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Using shadows and the moon, Olson determined the moment Ansel Adams photographed Autumn Moon. When conditions recurred 57 years later, Olson was ready. (Russell Doescher)

Forensic Astronomer Solves Fine Arts Puzzles

Astrophysicist Don Olson breaks down the barriers between science and art by analyzing literature and paintings from the past

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In painter Edvard Munch's Girls on the Pier, three women lean against a railing facing a body of water in which houses are reflected. A peach-colored orb appears in the sky, but, curiously, casts no reflection in the water. Is it the Moon? The Sun? Is it imaginary? Does it matter?

To Donald Olson, an astrophysicist at Texas State University, the answer to the last question is an emphatic yes. Olson solves puzzles in literature, history and art using the tools of astronomy: charts, almanacs, painstaking calculations and computer programs that map ancient skies. He is perhaps the leading practitioner of what he calls "forensic astronomy." But computers and math can take him only so far.

For Girls on the Pier, Olson and his research partner, Texas State physicist Russell Doescher, traveled to Asgardstrand, Norway, the resort town where Munch made the painting in the summer of 1901. By mapping the area and studying old postcards, the pair determined the exact location of the original pier (which had been torn down), the heights of the houses and the spot where Munch likely stood. They then retraced the paths of the Sun and the Moon across the sky at the time Munch was there.

They concluded that the setting Sun did not appear in that section of sky at that time, but the Moon did. As for the missing reflection, it was not an artistic choice, as some art historians had proposed, but a matter of optics: from the artist's perspective, the row of houses blocked it.

Reactions to the findings have varied. "Olson makes points that art historians have managed to miss, such as how Munch was a very careful observer of the natural world," says art historian Reinhold Heller, author of the 1984 biography Munch: His Life and Work. But Sue Prideaux, author of 2005's Edvard Munch: Behind the Scream, offers only caustic praise. "I think that it's absolutely splendid that two such learned scientists as Don Olson and Russell Doescher bend their considerable brainpower to decoding Munch rather in the manner of crossword addicts. Photographic fidelity was never Munch's aim." Prideaux adds that Munch was interested in capturing the feeling of a moment and that objective details were of little consequence to him. As he himself once wrote, "Realism is concerned only with the external shell of nature....There are other things to be discovered, even broader avenues to be explored."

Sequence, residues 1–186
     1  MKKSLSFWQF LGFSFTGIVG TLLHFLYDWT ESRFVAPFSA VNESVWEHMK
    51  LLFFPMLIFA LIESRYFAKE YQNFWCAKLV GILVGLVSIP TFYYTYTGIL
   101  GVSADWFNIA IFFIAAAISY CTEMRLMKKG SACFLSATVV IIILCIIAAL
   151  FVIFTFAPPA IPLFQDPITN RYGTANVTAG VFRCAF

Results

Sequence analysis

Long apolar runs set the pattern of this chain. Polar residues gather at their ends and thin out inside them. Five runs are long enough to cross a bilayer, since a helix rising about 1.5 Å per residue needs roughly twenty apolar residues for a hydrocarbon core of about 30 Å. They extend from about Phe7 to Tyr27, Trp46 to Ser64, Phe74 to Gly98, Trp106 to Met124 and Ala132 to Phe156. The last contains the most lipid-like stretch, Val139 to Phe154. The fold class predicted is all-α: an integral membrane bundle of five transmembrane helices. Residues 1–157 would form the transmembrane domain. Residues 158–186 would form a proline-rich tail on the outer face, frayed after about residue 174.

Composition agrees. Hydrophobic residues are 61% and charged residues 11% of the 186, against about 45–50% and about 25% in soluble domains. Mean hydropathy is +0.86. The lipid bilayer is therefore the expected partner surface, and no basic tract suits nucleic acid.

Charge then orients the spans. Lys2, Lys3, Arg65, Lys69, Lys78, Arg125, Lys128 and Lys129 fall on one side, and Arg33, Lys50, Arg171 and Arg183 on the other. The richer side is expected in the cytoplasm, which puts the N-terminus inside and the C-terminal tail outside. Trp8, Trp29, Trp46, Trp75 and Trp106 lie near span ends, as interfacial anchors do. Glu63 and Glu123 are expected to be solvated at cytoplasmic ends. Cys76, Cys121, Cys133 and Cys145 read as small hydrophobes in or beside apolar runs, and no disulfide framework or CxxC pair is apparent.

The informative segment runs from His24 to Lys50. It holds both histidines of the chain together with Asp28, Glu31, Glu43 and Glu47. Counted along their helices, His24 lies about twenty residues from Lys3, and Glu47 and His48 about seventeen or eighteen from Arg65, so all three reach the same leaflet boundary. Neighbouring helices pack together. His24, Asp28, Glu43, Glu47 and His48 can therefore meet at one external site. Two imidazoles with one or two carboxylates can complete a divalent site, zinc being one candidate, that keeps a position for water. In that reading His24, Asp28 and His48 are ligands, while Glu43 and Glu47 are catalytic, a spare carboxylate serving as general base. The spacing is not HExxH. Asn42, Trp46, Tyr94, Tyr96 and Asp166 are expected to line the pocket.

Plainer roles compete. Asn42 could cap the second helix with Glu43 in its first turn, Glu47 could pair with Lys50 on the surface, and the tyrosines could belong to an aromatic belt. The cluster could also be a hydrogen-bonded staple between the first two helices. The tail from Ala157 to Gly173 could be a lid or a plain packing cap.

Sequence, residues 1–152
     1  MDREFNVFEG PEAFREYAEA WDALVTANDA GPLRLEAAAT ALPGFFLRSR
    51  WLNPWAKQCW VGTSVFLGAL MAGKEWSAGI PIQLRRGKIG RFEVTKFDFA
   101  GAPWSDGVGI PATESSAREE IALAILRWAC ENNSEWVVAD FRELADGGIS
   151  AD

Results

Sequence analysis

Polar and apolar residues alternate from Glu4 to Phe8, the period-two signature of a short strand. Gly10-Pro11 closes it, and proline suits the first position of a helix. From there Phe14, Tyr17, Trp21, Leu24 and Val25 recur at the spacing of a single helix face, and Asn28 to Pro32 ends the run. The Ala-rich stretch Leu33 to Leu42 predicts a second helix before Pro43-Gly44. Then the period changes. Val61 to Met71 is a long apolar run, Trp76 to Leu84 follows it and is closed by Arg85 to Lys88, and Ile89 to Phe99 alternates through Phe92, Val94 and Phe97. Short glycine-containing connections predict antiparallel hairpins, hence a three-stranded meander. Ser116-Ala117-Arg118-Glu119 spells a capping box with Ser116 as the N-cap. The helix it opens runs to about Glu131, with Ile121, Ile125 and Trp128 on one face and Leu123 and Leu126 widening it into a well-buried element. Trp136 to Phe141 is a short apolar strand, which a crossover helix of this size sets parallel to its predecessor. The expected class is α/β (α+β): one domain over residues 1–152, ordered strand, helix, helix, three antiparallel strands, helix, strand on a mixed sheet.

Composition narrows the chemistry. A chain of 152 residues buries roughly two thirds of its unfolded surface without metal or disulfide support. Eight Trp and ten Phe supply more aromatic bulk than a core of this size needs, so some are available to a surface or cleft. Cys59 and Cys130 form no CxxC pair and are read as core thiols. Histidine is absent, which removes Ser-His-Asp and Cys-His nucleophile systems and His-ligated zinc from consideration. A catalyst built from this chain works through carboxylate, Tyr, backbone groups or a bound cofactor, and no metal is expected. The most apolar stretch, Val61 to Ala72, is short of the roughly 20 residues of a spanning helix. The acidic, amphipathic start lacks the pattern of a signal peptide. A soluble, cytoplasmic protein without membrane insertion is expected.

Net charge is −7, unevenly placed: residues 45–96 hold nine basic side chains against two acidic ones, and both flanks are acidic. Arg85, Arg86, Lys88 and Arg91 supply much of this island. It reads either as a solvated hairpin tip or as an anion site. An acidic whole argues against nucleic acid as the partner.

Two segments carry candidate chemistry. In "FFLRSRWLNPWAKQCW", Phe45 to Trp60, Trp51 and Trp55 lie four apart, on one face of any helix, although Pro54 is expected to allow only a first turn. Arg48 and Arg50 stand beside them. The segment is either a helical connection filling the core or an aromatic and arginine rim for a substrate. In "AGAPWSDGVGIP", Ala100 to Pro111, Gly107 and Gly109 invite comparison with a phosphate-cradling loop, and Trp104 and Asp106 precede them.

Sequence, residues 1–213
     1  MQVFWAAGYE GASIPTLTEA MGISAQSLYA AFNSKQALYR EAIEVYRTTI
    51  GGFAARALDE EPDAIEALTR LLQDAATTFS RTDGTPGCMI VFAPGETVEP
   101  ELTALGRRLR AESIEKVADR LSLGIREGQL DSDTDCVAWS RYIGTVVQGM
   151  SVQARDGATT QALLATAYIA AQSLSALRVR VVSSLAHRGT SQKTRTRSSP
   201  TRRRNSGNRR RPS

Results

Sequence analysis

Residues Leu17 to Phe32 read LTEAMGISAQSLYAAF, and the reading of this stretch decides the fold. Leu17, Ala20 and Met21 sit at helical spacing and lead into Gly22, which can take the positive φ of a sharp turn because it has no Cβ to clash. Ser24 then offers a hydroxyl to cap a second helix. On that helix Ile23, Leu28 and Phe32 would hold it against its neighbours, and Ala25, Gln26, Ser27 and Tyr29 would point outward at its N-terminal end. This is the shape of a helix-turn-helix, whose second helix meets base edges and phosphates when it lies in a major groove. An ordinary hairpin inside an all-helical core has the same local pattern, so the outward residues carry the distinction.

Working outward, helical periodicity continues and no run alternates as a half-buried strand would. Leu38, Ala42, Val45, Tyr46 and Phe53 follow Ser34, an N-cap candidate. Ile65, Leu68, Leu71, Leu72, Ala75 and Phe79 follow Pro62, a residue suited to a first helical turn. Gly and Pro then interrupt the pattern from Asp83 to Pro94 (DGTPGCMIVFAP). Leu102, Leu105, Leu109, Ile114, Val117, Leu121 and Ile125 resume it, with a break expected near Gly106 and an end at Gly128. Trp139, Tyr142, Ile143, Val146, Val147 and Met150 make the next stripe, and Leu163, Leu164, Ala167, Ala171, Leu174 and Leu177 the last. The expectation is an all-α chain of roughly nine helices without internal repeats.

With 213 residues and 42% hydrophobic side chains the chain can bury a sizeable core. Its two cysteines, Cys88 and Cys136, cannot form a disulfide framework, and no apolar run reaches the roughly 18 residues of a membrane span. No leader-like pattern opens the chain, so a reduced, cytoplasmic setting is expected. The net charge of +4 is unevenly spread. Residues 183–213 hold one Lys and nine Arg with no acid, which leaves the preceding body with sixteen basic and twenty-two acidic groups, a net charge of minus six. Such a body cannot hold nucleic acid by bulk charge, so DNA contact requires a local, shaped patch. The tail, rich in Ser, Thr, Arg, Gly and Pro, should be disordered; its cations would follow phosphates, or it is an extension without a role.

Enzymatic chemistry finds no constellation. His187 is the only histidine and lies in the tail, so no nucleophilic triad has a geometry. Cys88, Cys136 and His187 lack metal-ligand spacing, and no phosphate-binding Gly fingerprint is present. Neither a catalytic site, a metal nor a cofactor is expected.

"You can't ruin a painting's mystique through technical analysis," Olson says. "It still has the same emotional impact. We are just separating the real from the unreal."

Olson, 61, began his scientific career exploring Einstein's theory of general relativity. He worked on computer simulations of the radiation near black holes and the distribution of galaxies. In other words, he spent his days inside a lab delving into topics that few people outside the lab understood. Then, one evening two decades ago, he and his wife, Marilynn, an English professor also at Texas State, attended a faculty party at which one of Marilynn's colleagues mentioned having difficulties with some passages in Chaucer's Canterbury Tales—they were loaded with astronomical references. Chaucer was no mere stargazer—he wrote an entire treatise on the astrolabe, an instrument used to calculate the positions of stars and planets—and sections of "The Franklin's Tale" deal in technical language with the prediction of a strange mammoth tide. Olson agreed to help decipher the passages. "I can remember exactly where I was standing in the room because that moment changed my life," he says of accepting that challenge.

Analyzing computer simulations of the positions of the Moon and Sun, Olson surmised that a phenomenon described by Chaucer—"And by his magic for a week or more / It seemed the rocks were gone; he'd cleared the shore"—occurred in 1340. That year, when the Sun and Moon were at their closest points to Earth, they lined up in an eclipse of the Sun; their combined gravity caused extremely high tides off the coast of Brittany.

"Most people see liberal arts on one side and sciences on the other, but I get to break those barriers down," Olson says, though he admits that he now gives relativity relatively short shrift. "I would love to know what happened before the Big Bang," he says, "but I don't think I'm smart enough to figure that out." He adds that he prefers "problems that are challenging but solvable."

Not long after Olson dealt with Chaucer, James Pohl, a history professor at Texas State and a former marine, came to him with a different sort of problem. Pohl had been studying the November 1943 Allied assault on the Pacific island of Tarawa, in which U.S. Marine landing craft were unexpectedly grounded on a coral reef about 600 yards offshore. The marines had to disembark and wade to the beach while exposed to heavy enemy fire. More than 1,000 were killed. Pohl wanted Olson to explain what had gone wrong.